WASHINGTON, Dec. 4, 2014 /PRNewswire-USNewswire/ -- National Tax Lien Association "NTLA" research confirms every year America's cities and counties fail to collect $14 billion in property taxes, money vital to fund public schools, libraries, parks, fire and police departments, and other necessary services. Unpaid property taxes force governments to close public schools; lay off teachers, nurses, police, and firemen; shut down community parks; turn off street lights; and engage in other unfavorable, cost-cutting measures.
Twenty-nine (29) states and the District of Columbia solved this problem by assigning and transferring these unpaid taxes as liens to private investors in order to balance their budgets. By selling tax certificates, local governments exchange unpaid property tax accounts for immediate infusions of cash without the headline and other risks, costs, or potential losses they would experience from borrowing against these collections.
State statutes governing tax lien programs include numerous protections for property owners. For instance, unlike mortgages, all tax liens have a redemption time period during which the lienholder is barred from commencing a foreclosure action so the property owner can make arrangements to pay off the lien. Only after the property owner and interested parties of record fail to redeem the lien for a prolonged amount of time and further disregard numerous warning notices can the lienholder exercise its legal recourse to sell the subject property to satisfy the delinquency and restore said property to the performing tax rolls. Accordingly, delinquent taxpayers have the same, if not more, rights and protections when the private sector obtains a tax lien on property than when the local government retains an interest in unpaid taxes.
The NTLA works with municipalities and legislators to promote safeguards in tax lien sale programs to protect consumers, especially the elderly, indigent and disabled, supporting such measures as: minimum tax lien thresholds, installment payment plans, capped foreclosure fees; government ombudsman, lien swaps, and lien buy back protections.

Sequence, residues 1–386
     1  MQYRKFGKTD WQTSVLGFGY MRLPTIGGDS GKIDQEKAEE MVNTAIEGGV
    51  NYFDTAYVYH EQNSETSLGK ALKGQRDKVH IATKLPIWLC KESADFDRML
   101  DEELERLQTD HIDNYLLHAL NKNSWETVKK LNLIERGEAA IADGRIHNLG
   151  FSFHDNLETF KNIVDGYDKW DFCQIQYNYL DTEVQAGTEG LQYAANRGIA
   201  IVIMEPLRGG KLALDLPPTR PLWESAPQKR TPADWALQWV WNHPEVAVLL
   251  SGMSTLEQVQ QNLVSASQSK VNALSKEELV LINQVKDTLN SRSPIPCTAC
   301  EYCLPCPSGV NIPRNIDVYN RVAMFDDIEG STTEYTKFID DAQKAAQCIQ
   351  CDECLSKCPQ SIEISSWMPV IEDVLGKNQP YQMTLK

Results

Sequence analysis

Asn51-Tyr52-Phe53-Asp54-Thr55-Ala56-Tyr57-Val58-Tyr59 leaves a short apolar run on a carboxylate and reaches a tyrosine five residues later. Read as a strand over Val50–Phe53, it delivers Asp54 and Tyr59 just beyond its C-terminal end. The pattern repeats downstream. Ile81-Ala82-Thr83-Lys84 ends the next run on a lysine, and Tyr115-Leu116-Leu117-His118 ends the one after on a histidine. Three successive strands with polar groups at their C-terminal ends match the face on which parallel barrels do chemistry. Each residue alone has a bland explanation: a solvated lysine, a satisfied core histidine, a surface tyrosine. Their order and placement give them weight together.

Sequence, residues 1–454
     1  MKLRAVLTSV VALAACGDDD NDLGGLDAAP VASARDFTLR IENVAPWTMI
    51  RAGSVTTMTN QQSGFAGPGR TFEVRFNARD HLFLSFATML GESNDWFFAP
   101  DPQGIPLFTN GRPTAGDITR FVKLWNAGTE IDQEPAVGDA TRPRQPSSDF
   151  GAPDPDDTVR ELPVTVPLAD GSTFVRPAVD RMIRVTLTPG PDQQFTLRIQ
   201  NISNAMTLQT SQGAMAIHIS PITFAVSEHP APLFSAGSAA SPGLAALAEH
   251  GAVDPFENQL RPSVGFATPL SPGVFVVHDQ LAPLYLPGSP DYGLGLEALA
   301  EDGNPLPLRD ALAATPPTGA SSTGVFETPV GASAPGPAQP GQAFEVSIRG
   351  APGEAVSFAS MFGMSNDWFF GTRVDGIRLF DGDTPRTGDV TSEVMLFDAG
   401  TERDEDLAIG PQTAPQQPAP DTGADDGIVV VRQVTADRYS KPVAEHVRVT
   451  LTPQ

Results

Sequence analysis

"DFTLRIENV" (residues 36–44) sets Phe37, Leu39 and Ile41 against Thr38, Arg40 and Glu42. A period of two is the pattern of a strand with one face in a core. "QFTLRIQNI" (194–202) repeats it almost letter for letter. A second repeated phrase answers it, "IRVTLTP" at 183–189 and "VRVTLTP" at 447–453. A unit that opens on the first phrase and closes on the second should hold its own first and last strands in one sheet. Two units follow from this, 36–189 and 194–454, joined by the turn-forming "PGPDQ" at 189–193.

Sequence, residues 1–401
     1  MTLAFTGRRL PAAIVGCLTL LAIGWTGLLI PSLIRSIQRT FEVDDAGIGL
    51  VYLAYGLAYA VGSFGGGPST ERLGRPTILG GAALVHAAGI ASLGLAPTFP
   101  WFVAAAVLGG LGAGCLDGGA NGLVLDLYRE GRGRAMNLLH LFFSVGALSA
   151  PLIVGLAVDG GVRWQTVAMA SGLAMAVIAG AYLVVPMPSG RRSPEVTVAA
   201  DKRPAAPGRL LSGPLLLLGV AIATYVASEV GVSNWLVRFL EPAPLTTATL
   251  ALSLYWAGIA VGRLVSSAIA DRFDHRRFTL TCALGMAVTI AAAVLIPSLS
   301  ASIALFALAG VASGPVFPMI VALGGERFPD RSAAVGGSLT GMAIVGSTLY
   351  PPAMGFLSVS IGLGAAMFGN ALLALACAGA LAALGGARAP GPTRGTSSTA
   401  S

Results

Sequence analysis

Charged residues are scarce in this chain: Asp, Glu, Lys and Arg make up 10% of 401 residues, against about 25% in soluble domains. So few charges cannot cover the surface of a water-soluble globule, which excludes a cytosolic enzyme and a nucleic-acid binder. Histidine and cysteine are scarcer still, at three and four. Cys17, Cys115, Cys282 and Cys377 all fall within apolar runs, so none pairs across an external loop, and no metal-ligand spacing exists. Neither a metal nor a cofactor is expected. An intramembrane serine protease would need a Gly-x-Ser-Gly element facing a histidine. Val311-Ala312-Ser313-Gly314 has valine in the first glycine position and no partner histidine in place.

Ultimately, tax lien sales directly benefit local governments, delinquent taxpayers, current taxpayers, and investors. Local governments collect the necessary cash to fund crucial services. Delinquent property owners get time to pay outstanding taxes to keep their homes. Current taxpaying property owners now pay only their "fair share" with a decreased risk of higher taxes resulting from widespread nonpayment. Investors, who assume the risk of the delinquent property owners, receive penalty and interest payments upon redemption of the past due taxes.
Tellingly, the tax lien sale program largely just motivates delinquent taxpayers to pay the sums due and owing. As stated by Brad Westover, the NTLA's Executive Director, "fortunately, over 99% of delinquent taxes are paid prior to a tax foreclosure. Most properties are protected from foreclosure by property owners, family members, or mortgage holders."
About the National Tax Lien Association
The National Tax Lien Association (NTLA), founded in 1997, is a nonprofit professional trade organization whose mission is to advance the legislative, regulatory, business, public relations, and educational interests of the tax lien industry. The NTLA upholds the highest standards of ethical conduct and operates in accordance with all applicable federal and state laws.
For more information, please visit www.thentla.com. To engage with the NTLA visit www.facebook.com/thentla, http://www.linkedin.com/company/national-tax-lien-association and http://twitter.com/the_NTLA.
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SOURCE National Tax Lien Association